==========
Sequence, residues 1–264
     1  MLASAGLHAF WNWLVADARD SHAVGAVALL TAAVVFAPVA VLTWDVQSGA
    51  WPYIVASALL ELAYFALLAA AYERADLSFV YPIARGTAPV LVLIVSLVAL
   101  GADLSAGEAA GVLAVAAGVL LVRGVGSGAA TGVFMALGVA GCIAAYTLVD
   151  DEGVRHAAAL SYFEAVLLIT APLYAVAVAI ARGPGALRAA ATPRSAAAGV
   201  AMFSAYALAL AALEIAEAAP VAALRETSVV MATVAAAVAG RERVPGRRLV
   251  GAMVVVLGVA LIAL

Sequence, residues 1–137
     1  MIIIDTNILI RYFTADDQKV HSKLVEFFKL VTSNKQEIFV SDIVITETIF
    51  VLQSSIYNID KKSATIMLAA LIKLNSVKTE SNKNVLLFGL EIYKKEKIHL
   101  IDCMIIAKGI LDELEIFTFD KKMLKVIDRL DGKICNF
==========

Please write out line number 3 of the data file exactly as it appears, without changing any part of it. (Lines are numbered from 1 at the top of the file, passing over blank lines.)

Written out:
    51  WPYIVASALL ELAYFALLAA AYERADLSFV YPIARGTAPV LVLIVSLVAL